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Paypal to end gambling protection in several countries 12/05/16
• Paypal removes protection 7 months after rejoining the market

Paypal has announced it is to stop protecting payments made by customers for online gambling transactions in a number of countries, including the US, Canada and Brazil.

The online money transfer giant will amend its Payment Protection policy and User Agreement, with the changes impacting buyer and seller protection, as well as dispute resolution.

Paypal’s updated list of ‘ineligible items’ for protection will include “gambling, gaming and/or any other activity with an entry fee and a prize”.

The move will also impact customers in certain countries that use Paypal for making payments to crowdfunding projects..

“This is consistent with the risks and uncertainties involved in contributing to crowdfunding campaigns, which do not guarantee a return for the investment made in these types of campaigns,” Paypal said, according to the BBC.

US Online Poker and DFS Affected
PayPal was once the biggest processor of online gambling transactions in the world, but it voluntarily withdrew itself from all markets in 2003, due to the then legally gray nature of the sector in most countries.

In 2010, it began accepting gambling transactions again, but only for licensed operators in jurisdictions where the online gambling was fully legal and regulated. Last year it quietly began to offer its services to the regulated US online poker markets of Nevada and New Jersey, and it also processes transactions for daily fantasy sports in the US.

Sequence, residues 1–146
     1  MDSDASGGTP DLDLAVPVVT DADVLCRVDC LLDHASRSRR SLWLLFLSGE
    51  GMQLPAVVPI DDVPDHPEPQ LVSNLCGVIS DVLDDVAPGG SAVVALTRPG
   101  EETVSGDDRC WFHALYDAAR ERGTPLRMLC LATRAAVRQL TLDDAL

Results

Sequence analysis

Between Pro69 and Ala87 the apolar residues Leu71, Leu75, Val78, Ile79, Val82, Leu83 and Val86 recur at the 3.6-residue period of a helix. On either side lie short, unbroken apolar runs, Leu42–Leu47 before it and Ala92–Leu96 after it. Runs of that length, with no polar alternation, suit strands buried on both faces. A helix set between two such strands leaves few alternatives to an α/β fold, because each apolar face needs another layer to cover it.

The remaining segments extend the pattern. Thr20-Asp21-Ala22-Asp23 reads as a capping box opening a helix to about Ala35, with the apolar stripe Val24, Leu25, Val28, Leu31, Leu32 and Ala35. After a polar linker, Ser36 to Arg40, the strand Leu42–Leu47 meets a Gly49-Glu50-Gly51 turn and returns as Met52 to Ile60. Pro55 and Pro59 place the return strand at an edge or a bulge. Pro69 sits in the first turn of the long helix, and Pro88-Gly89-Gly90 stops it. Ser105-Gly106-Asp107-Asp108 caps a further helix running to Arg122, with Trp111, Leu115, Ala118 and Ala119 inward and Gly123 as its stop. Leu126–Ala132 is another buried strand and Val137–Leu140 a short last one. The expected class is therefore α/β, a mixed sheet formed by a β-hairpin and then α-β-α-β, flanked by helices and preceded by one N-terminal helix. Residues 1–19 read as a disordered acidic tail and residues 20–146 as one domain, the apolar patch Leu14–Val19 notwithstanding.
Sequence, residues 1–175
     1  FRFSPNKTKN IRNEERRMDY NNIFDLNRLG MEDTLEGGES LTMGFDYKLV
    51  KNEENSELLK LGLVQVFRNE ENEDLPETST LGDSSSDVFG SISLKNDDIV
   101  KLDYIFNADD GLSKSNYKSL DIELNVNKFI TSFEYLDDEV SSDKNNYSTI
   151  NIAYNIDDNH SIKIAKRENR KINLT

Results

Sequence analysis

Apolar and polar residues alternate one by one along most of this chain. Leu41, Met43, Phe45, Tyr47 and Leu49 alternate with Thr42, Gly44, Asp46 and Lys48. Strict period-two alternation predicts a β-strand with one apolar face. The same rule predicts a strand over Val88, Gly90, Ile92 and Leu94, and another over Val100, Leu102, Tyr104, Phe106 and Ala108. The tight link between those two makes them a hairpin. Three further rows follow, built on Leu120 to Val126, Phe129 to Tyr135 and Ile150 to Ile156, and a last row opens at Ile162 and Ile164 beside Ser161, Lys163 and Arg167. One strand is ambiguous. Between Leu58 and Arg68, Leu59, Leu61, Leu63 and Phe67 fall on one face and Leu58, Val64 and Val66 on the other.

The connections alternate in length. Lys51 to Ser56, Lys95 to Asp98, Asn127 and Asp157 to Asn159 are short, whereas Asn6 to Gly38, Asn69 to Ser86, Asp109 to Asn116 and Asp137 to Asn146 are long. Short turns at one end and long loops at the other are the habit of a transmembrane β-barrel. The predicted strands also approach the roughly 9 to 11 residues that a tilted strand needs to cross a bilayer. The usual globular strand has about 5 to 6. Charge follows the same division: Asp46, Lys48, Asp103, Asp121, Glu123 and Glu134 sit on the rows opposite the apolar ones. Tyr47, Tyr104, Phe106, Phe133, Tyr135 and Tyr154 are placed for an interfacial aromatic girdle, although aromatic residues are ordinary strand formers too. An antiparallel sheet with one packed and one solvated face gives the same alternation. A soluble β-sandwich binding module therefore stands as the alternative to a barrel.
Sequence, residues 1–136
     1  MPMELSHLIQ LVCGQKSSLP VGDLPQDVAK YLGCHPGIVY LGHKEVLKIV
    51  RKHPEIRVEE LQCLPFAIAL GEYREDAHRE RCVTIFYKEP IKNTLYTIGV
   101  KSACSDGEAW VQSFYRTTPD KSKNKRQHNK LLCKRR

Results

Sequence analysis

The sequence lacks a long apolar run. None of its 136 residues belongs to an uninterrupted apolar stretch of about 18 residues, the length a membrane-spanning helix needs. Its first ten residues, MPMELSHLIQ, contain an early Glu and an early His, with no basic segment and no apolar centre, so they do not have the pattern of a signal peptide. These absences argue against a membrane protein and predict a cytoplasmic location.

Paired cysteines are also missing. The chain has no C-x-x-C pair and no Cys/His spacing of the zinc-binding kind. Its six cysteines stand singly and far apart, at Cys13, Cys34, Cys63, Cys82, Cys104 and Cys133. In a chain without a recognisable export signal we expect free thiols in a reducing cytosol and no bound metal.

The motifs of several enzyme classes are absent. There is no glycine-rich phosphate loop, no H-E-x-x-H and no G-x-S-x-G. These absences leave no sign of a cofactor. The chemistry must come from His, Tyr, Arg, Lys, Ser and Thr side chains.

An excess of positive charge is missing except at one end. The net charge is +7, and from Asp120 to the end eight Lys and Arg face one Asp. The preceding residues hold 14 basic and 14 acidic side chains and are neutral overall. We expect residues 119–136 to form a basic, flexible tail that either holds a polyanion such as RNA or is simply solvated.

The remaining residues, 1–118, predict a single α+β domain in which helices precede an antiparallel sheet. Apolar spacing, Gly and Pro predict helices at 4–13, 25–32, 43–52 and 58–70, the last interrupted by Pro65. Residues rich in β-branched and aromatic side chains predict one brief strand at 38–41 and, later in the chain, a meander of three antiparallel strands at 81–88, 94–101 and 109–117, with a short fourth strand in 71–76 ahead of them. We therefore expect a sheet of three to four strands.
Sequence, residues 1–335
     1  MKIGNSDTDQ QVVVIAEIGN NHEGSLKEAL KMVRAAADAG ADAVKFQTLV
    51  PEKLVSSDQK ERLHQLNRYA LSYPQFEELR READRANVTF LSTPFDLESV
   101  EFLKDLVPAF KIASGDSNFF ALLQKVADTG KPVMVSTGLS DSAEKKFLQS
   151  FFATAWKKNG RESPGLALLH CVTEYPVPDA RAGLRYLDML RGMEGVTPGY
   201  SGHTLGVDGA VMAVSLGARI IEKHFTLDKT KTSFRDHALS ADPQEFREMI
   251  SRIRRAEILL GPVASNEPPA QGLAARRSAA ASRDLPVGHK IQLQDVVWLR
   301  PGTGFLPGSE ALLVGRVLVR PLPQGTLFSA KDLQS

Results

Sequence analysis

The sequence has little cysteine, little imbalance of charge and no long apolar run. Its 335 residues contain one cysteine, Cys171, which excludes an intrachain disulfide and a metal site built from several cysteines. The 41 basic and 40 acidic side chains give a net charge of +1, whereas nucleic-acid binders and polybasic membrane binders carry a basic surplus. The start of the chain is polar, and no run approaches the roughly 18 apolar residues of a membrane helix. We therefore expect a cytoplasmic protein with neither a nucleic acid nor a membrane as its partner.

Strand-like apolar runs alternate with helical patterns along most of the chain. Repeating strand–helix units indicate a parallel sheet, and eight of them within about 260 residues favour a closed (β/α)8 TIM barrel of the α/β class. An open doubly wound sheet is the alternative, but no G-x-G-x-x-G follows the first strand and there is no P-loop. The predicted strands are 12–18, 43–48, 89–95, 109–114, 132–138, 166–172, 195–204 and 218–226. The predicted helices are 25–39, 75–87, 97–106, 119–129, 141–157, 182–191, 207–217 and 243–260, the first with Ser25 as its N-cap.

To be clear, the withdrawal of payment protection for online poker deposits is unlikely to have a major effect on the consumer market. Simply put, the regulated online gambling industry with which PayPal now engages is unlikely to run off with anyone’s money anytime soon.

PayPal also added other kinds of transaction to its updated list of items ineligible for Purchase Protection. They are “anything purchased from or an amount paid to a government agency” and “and/or any other activity with an entry fee and a prize.”

The U.S. Department of Treasury began accepting PayPal on, which accepts payments to government agencies in February 2015, while the payment platform started allowing U.S. gambling sites to use it again last September after a 12-year ban. Both developments gave PayPal more revenue streams following its spin-off from eBay, and removing them from Purchase Protection mitigates the company’s exposure to risks.